2028 East Colfax,
Bus directions: catch the 15 at Lawrence and 17th Streets or take the 20 from Market Street Station down 17th Avenue
NOTE: BIxa has closed. That location now houses a medical marijuana dispensary.
Friday was serendipitous: the week before Christmas had been cold, snowy; I was stir-crazy. But Friday was warm enough to walk around without a coat in the early afternoon.
I started out at Bixa, a small shop at Colfax and Vine in what used to be the red-light district of Denver. Colfax still has its gritty parts but has cleaned itself up enormously since I moved here in the late 1980s.
The first item that caught my eye in Bixa was a clock made from recycled computer parts, and I asked Charles, who owns the store with his partner Darrel, “Did Carol Baum make that clock?”
I met Carol when we were planning Artful ReCreations for Eco-Cycle; she was one of the featured artists. So I felt right at home in Bixa, with its rugs braided from grocery store bags and its colorful purses fashioned from candy wrappers into all shapes and sizes. Charles said the staff generally don’t recognize the candy wrappers the purses are made from; he thinks they come from other countries.
Bixa is Artful ReCreations 24/7 and then some.
My favorite items in the stores were those made by a Denver artist using acupuncture needles: necklaces, earrings, little storage boxes. I almost bought the creation below, whose silver patterns resemble embroidery but are actually needles coaxed into various shapes.
I bought some organic, fair trade Assam tea there, and had a long discussion with Charles about green teas with that toasted flavor—you know what I mean? I love that flavor. And about Intelligent Nutrients, Horst Rechelbacher’s new company. He founded Aveda back in the day and decided to start up a new cosmetics company after he saw what Estee Lauder did to his baby. Motto: “Everything we put in and on our bodies must be nutritious and safe.” So Intelligent Nutrients products use “organic food ingredients.”
You bought some “organic” lotion? Sorry, there is no organic standard for cosmetics in the United States. “Organic” means something only when you’re talking about food—which makes Rechelbacher’s solution ingenious, I guess.
If I had wanted, I could have stayed until closing talking to Charles. He knows a lot more than I do about recycled and organic products.
But I had to get a move on. I said good-bye to Valentina, the shop mascot; snapped a picture of SAME Café (So All May Eat), which closes at 2 pm most days (open all day Saturday); and headed to the African and American Trading Company, just a block west of City Park.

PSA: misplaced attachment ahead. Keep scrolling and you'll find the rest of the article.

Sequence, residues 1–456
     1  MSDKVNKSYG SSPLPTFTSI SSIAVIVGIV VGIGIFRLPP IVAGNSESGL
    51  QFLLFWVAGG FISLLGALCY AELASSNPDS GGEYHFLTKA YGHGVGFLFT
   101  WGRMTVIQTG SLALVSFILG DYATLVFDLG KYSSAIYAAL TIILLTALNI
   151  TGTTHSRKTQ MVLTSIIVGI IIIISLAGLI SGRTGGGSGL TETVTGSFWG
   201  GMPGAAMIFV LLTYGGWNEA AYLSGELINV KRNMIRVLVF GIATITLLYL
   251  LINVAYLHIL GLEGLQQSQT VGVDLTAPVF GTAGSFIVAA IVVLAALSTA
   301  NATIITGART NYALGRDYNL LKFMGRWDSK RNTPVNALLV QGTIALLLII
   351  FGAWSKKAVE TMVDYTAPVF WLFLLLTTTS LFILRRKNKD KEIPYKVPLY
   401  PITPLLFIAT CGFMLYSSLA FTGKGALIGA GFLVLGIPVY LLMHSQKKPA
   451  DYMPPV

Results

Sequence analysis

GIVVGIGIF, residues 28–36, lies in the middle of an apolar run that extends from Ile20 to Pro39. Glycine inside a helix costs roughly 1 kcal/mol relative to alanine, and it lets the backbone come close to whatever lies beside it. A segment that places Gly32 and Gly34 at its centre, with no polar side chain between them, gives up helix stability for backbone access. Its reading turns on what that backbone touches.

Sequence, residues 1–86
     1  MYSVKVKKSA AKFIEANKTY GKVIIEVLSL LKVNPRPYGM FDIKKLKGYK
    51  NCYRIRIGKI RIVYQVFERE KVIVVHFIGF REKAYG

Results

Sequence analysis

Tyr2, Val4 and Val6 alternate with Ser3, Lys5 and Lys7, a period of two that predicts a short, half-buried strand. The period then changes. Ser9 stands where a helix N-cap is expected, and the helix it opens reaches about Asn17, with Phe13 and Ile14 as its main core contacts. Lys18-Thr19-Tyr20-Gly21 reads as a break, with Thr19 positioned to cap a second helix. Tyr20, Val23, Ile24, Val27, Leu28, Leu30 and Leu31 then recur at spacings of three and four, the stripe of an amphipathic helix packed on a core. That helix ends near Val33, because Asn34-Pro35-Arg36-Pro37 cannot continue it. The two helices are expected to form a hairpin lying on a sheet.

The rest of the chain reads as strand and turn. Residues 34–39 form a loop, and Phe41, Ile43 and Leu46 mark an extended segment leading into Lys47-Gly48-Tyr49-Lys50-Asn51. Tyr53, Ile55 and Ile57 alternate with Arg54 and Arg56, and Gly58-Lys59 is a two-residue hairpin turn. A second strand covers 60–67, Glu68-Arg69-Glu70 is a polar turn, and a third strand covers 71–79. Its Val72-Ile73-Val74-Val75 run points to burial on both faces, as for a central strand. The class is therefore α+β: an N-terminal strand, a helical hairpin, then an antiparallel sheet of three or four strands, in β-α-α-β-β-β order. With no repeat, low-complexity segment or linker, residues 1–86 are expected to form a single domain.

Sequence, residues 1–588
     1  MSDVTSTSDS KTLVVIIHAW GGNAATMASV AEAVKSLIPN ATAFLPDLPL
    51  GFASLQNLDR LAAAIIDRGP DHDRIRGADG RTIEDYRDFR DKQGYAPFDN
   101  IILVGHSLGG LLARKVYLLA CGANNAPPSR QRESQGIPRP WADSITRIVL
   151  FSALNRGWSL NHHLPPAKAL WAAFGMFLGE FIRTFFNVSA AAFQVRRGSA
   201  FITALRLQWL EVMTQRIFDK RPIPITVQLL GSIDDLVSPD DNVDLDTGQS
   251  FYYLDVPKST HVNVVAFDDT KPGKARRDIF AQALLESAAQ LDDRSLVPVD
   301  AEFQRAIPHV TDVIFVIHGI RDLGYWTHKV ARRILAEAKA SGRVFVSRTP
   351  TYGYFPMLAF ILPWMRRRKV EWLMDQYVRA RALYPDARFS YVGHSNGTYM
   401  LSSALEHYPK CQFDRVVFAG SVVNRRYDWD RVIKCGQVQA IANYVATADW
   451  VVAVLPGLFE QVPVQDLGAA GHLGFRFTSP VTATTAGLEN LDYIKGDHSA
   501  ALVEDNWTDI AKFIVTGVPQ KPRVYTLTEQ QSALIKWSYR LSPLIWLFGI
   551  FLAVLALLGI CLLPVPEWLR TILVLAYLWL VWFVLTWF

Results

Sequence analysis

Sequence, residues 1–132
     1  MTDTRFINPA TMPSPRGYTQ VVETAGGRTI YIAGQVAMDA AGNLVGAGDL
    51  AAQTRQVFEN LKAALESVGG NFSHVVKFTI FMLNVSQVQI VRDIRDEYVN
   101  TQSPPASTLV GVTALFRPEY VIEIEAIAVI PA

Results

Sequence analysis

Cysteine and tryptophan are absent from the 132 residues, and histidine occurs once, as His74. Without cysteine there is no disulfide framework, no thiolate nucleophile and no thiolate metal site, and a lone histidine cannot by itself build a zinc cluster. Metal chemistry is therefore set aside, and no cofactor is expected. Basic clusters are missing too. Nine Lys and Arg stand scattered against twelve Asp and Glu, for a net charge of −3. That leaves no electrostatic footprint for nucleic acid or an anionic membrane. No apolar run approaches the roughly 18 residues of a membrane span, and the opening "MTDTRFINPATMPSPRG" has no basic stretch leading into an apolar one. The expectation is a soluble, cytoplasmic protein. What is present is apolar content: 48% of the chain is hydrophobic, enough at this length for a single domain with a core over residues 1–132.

African and American Trading Company
2217 East 21st Avenue
Uptown/City Park West, Denver
303-377-3770 (not a direct line to the store, but you can call to get hours)
Bus directions: take the 20 from Market Street Station
I walked in, and a voice greeted me from among the shelves of baskets and dolls. John Henderson was sitting in the back corner of the small shop, talking with his friend Harold Brewer. I introduced myself, and the second wonderful conversation of my Friday began.
Mr. Henderson is an importer of goods from Kenya, Ethiopia, Tanzania, Zimbabwe, South Africa, Iceland, and England. For thirty years he’s been indulging his “hobby” because he likes to meet interesting people. He told me all about his trip to South Africa, the gold miners (both men and women) who descend 11,000 feet into the earth to do their job, the times he was mistaken for a Zulu, and the South Africans who were so excited to meet American blacks because they’d only seen them in the movies.
When he found out I was from Kansas City (he’s from Wichita), he told me about the restaurant on the Country Club Plaza he visited in 1951. They wanted to serve him in their kitchen, but he said he wasn’t that hungry.
What struck me first were the tiny Zulu baskets, some of them called “oops” baskets, for “out of the ordinary production system,” and made by girls who are learning basket weaving so that they can make a living when they’re grown up. The baskets are made by hand from Ilala palm and bark and grasses and natural dyes. Some baskets are woven so tightly they can hold beer. Women do most of the weaving in the Zulu Kingdom, as far as I could tell, but men now weave baskets from telephone wire; the one I saw in the store was bright orange and blue.
I really wanted to take home some of the dolls below (those with woolen capes are initiation dolls for girls), but I settled for 3 baskets.
I told Mr. Henderson my review would appear on December 23rd. If I’ve gotten anything wrong, I hope his friend with the Internet connection will leave a comment here correcting it.
The African and American Trading Company will be open until 6 on the 23rd and from 8 am to noon on Christmas Eve.